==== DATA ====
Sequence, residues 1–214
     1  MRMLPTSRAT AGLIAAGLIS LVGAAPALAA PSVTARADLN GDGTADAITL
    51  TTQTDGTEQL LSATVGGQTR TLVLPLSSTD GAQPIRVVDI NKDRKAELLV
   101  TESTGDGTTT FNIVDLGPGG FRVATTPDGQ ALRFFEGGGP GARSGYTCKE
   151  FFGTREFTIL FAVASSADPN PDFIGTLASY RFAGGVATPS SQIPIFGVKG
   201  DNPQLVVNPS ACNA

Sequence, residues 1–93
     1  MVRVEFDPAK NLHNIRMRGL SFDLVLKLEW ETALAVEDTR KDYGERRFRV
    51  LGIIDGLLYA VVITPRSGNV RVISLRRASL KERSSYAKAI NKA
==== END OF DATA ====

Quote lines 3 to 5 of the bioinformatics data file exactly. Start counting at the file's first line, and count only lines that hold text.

    51  TTQTDGTEQL LSATVGGQTR TLVLPLSSTD GAQPIRVVDI NKDRKAELLV
   101  TESTGDGTTT FNIVDLGPGG FRVATTPDGQ ALRFFEGGGP GARSGYTCKE
   151  FFGTREFTIL FAVASSADPN PDFIGTLASY RFAGGVATPS SQIPIFGVKG